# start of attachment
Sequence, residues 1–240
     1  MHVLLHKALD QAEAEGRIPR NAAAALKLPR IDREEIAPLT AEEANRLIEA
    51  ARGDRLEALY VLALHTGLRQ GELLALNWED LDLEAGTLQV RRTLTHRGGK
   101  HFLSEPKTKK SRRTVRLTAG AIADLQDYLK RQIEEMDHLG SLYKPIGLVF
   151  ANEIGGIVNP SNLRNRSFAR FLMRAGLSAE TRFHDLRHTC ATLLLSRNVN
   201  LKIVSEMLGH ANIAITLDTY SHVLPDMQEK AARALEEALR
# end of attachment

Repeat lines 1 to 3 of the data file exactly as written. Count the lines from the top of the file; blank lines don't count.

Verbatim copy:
Sequence, residues 1–240
     1  MHVLLHKALD QAEAEGRIPR NAAAALKLPR IDREEIAPLT AEEANRLIEA
    51  ARGDRLEALY VLALHTGLRQ GELLALNWED LDLEAGTLQV RRTLTHRGGK